As a result, many companies are using "search and selection" – also known as headhunting – to find the right candidate. This gives you, the employee, the opportunity and power to dictate your own terms and conditions.
So how should you respond if you have been headhunted? And more importantly, how do you maximise the opportunity and make sure the move is the right one for you?
Before a recruitment consultant calls you, it will have done its groundwork. Agencies are normally asked to find a professional for a client on the basis of particular experience, a role or a specific name. Candidates who are decision-makers, with a high industry profile or regularly quoted in the press, are targeted most regularly. As you climb the career ladder, your profile within the industry may well rise and, in turn, reflect well on your current employer. Naturally, this will create interest from your company's competitors.
When a headhunter calls, you will usually know within the first 30 seconds who they are and why they're ringing. You might well be within earshot of colleagues, but don't let them find out you're talking to a headhunter. Tell the headhunter you're at work and answer questions with a simple "yes" or "no". The key is to remain calm, stay professional and keep things to yourself in the first instance.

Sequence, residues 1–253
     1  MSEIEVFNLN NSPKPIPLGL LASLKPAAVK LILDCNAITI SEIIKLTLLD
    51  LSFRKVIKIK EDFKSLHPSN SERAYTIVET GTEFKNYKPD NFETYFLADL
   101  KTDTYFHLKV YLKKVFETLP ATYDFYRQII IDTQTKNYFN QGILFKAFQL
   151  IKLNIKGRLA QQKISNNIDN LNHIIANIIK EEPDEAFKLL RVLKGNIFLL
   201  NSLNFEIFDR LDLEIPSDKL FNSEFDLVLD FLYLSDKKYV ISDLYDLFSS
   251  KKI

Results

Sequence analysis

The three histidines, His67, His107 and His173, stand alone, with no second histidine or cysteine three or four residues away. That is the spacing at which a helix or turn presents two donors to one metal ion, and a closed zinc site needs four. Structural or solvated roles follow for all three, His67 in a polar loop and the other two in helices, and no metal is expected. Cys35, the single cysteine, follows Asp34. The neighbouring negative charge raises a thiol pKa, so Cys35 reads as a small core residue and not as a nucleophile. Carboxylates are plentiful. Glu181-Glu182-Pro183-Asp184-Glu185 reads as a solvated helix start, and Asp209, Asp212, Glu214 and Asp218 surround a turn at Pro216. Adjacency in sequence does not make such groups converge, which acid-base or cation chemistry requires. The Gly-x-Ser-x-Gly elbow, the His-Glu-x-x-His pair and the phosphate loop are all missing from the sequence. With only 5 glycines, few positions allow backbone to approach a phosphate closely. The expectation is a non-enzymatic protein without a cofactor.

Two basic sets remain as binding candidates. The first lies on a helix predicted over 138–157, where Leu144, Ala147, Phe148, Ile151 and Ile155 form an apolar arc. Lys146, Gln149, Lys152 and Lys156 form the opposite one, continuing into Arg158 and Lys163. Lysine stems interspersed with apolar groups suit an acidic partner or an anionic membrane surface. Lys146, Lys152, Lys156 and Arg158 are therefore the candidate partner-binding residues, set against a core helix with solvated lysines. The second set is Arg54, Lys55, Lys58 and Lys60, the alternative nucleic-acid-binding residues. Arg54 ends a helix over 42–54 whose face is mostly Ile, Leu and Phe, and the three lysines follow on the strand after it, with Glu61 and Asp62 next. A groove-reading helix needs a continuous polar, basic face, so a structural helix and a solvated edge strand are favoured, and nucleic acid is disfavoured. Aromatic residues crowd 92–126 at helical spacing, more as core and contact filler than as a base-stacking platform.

Being headhunted is an immense boost to anyone’s ego, but do not let your ego get the better of you
Everyone that's ever been headhunted will agree it's an immense boost to his or her ego, but do not let your ego get the better of you. Think about the offer carefully. Ask yourself whether you would have thought about moving if you hadn't been headhunted? Are you unhappy with the prospects in your current position? And does the new job have more to offer than a big pay rise? If the answer to any of these questions is "no", don't hesitate to turn the offer down.
If you decide to take the offer forward, the agency will send you more detailed information about the company and the position. At this point, take the time to do your own research. Remember that the agency wants to convince you to take the job to earn its fee. The internet is always a great tool for looking up further details, including past press coverage about a company (check out the archive at this site).